The COVID-19 pandemic devastated the restaurant industry. Can NFTs save restaurants from future storms?
In 2021, people spent about $25 billion on NFT purchases. That spending is forecast to hit $35 billion in 2022 and $80 billion by 2025.
Although the NFT space continues to grapple with scams and money-laundering risks, it seems almost every industry can find room in the NFT market. Major brands, including Coca-Cola and Nike, have leveraged the NFT concept in their marketing strategies with impressive results. The pandemic-battered restaurant industry may also find its revival in NFTs.
What are NFT restaurants?
NFT restaurants may be businesses started with funds raised from NFT sales. Such restaurants may also use NFT branding in their packaging and advertising or offer membership plans recorded on a blockchain.
Some examples of NFT restaurants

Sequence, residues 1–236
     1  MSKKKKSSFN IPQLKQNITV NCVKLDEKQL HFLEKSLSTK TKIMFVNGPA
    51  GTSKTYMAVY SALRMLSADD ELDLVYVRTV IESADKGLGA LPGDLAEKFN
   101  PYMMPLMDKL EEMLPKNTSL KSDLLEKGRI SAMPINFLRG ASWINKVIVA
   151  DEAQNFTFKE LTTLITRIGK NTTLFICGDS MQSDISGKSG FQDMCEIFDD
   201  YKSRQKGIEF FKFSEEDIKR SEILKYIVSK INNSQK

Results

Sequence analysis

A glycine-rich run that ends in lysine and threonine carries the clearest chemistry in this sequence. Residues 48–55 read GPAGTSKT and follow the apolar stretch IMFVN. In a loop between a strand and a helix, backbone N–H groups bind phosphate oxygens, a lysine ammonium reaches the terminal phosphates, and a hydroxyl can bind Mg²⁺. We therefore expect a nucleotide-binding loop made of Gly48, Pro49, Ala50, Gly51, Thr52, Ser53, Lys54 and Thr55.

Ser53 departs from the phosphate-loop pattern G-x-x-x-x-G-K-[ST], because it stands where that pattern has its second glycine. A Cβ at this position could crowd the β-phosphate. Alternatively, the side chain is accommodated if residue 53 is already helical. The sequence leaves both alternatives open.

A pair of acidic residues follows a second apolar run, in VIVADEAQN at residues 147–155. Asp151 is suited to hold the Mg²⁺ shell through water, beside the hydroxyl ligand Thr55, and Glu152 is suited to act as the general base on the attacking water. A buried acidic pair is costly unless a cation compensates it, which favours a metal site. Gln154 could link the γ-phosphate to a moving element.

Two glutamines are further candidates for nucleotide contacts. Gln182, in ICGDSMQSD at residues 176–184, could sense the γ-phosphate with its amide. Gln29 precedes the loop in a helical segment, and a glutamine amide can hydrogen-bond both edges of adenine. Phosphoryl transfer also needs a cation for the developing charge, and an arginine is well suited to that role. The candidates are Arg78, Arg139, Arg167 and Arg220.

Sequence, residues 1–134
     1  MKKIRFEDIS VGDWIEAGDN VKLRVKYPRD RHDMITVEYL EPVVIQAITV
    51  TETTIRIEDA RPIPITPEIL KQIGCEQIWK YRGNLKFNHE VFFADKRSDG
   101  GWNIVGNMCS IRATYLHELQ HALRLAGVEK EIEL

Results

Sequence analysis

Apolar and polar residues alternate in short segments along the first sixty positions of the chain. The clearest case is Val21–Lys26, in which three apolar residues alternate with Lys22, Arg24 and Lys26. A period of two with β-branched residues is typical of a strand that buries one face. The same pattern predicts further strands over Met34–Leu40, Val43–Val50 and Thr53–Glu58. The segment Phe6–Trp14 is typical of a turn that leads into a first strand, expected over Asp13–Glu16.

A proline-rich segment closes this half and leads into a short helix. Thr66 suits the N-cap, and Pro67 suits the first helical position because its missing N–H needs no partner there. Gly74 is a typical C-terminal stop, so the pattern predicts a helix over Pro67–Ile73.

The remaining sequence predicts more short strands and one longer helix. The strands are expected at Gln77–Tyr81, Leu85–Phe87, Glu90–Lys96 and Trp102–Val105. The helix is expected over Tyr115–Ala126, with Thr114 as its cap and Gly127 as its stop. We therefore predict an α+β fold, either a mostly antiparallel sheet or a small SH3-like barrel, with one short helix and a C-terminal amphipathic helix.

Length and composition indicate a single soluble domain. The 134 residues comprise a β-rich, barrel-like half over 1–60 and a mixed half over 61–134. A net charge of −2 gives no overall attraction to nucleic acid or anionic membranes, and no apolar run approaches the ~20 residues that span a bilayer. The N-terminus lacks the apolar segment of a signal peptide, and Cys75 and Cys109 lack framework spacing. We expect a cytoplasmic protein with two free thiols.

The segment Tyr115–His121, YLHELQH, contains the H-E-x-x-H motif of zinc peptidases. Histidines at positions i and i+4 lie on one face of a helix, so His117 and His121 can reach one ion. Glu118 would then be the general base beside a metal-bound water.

In April 2022, Andy Nguyen opened the Bored & Hungry burger joint in Long Beach, Calif., inspired by the Bored Ape NFT series. Nguyen bought about $400,000 of the NFTs and turned them into branding tools for his project.
On opening day, more than 1,500 customers showed up, with some flying in from Miami and Brazil. Although Nguyen originally planned to run the restaurant as a pop-up for three months, customers' overwhelming support has kept the outlet open for longer. Customers can pay for their food with the U.S. dollar or cryptocurrencies.
Another NFT restaurant is set to open in New York in 2023. At the Flyfish Club, members will be served seafood and have access to a private dining room and other perks. To launch, the restaurant sold NFT membership plans, raising about $15 million. Members can sell their plans if they want to exit the project. Flyfish Club earns 10 percent royalties from the resale of its plans.
Can NFTs save the restaurant industry?
Restaurants are entertaining the idea of using NFTs to bolster their fortunes. One is Brooklyn Chop House, a Manhattan steakhouse that plans to open a second location with a dining room that only NFT members can access. The NFT membership would start at about $8,000.
Restaurants can also use the NFT concept to forge deeper connections with staff, by offering NFTs that give workers a stake in the business and how it's run. Such a model could be particularly valuable to restaurants facing labor challenges, such as Starbucks.